EOD shifted into high gear to set up the next phase of the operation and the cops swiftly evacuated all personnel remaining in nearby buildings.
You can’t rush these things, but you also can’t afford to waste too many tick-tocks of the clock. Explosives can be triggered by changes in time, orientation, position, or elevation. By bumps or vibration. By remote control. By stray electromagnetic signals, which meant we couldn’t use our bricks within a certain radius of the suspicious object. They didn’t have enough power to be considered a threat out here at the cordon perimeter, so we could still monitor traffic over the air and coordinate with the Wing. We waited and watched as well as we could from a distance as the scenario unfolded.
With the speed of a reluctant snail, the robot picked up the suitcase and crept out of the lobby and into the open where a bit less damage might occur if something went wrong. The suitcase was lowered to the ground delicately and the technician moved the robot into position to put its projected water disruptor into action.
These disruptors are amazing gizmos. This one, called a “pigstick,” used a small explosive charge, like a shotgun shell, to propel a cylinder of water at blinding speed into the targeted object. The shaped-charge water projectile can destroy a bomb by blasting the device apart and severing any detonating connections faster than any fuse or anti-tampering device on the bomb can react.
If everything goes right.
Technicians double- and triple-checked their setup and made sure, once again, that all personnel were out of the potential blast zone. The cops ensured the cordon was secure and all bystanders had been evacuated to a safe distance. The EOD guys were as cool as a mountain breeze, but they’d trained and trained and done this kind of thing over and over. It’s how you become a professional, and that they were. I, on the other hand, was a straphanger at my first event. I caught myself holding my breath.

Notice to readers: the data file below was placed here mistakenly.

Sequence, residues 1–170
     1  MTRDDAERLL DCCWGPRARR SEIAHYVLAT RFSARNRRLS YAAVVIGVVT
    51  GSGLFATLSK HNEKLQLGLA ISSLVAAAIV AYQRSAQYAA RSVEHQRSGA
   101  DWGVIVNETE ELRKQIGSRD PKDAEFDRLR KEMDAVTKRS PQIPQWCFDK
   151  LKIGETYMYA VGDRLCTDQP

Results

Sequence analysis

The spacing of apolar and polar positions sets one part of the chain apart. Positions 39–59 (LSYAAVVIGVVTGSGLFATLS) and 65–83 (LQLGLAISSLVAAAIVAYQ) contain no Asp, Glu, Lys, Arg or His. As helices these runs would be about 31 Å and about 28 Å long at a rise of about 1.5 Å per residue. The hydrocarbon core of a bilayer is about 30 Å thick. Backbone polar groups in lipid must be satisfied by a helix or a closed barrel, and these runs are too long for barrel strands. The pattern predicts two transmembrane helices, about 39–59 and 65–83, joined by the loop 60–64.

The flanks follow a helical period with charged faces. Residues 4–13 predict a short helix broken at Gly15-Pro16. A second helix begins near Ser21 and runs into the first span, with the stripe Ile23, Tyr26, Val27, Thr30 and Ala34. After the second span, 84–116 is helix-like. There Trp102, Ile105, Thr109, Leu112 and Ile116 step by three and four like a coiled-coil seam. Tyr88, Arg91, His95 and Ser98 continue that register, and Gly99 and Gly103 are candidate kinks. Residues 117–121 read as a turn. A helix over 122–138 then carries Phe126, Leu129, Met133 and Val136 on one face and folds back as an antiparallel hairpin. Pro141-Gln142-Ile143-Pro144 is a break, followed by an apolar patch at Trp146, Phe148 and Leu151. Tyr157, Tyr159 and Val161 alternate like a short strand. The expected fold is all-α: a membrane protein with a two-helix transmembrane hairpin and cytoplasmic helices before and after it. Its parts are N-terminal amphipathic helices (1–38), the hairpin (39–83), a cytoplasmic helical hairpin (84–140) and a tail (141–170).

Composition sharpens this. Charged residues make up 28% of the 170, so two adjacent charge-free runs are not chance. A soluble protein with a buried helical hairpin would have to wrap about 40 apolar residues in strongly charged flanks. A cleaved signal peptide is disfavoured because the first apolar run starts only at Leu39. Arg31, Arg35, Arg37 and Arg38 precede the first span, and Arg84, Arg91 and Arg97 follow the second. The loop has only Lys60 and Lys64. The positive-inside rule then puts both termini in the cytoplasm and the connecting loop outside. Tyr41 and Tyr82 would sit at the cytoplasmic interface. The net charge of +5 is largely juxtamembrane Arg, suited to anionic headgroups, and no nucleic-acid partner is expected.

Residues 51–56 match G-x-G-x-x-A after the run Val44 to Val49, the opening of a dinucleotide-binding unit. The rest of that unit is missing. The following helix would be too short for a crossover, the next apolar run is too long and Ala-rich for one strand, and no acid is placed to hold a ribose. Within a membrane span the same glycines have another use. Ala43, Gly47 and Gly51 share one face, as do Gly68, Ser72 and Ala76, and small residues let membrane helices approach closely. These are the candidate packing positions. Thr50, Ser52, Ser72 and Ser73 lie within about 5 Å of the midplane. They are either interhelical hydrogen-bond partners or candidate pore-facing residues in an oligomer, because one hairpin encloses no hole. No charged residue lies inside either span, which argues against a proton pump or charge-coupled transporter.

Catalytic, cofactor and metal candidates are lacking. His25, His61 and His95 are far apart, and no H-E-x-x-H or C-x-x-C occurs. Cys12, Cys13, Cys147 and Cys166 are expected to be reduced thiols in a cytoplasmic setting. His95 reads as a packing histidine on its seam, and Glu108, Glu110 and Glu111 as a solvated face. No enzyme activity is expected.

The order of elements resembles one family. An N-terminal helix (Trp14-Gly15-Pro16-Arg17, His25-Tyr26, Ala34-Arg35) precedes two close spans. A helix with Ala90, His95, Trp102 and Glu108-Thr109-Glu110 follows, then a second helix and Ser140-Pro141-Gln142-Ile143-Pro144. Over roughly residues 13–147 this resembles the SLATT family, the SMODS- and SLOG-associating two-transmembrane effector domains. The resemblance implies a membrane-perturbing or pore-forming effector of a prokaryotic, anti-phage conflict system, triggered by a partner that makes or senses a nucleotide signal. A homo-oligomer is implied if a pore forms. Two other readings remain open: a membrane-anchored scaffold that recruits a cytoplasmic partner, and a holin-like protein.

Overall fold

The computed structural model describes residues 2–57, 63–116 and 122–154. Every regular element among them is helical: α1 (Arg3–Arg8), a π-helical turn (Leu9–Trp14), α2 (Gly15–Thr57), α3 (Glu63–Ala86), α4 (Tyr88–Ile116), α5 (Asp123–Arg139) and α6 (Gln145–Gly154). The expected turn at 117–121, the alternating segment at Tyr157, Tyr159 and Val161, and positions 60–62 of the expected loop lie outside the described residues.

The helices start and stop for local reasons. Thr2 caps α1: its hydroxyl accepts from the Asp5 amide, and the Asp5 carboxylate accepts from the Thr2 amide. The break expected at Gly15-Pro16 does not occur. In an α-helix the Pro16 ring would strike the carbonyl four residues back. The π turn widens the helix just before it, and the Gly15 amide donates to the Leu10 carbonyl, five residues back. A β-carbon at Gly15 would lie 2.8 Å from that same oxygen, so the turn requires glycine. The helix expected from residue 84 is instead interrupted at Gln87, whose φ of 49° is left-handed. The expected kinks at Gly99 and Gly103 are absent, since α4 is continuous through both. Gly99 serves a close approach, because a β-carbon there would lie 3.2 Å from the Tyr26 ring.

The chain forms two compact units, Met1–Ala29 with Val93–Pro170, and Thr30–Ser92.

There was a short countdown so we could all be prepared, and then. . .BOOM!! A flash and concussion, smoke and flying debris, and it was over. Not nearly enough explosion to damage a building or cause widespread casualties, so it appeared the disruptor had done its job. The bomb team moved in cautiously to assess the remnants in case there was still some live explosive that might yet detonate.
The technicians slowly moved through the wreckage, scanning the scattered, tattered, smoldering pieces of suitcase, shattered makeup containers, and smoking scraps of bras and panties. They finally discovered the cylindrical object and wiring seen in shadowy profile in the x-ray and examined it carefully.
My brick crackled to life and the verdict came across the airways: “The world has been rendered safe from. . .one ladies’ curling iron.”
All in a day’s work for the EOD gang and the cops. It isn’t always a terrorist or evil scientist or existential threat to the entire known universe, but it’s always something to approach carefully and professionally and with all the skill they can muster. ‘Cause you never know ‘til it’s over.
But sometimes it ends up being a really good laugh.
The poor retired colonel’s wife on vacation who lost her stuff, and finally called to see if it had been found? Well, she and the hubby were probably both more careful about counting suitcases after that.
And as for Lt Col Jones and me? We had a blast!
A projected water disruptor in action against a piece of suspicious luggage.
To see a video, click here.